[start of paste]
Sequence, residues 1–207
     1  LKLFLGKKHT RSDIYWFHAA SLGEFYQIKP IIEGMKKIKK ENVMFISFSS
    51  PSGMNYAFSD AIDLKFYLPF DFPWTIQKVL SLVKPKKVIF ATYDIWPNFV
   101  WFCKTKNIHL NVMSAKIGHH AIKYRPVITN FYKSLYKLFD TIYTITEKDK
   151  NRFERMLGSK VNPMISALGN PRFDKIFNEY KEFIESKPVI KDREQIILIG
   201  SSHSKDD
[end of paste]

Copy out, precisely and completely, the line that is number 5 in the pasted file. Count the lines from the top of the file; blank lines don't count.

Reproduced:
   151  NRFERMLGSK VNPMISALGN PRFDKIFNEY KEFIESKPVI KDREQIILIG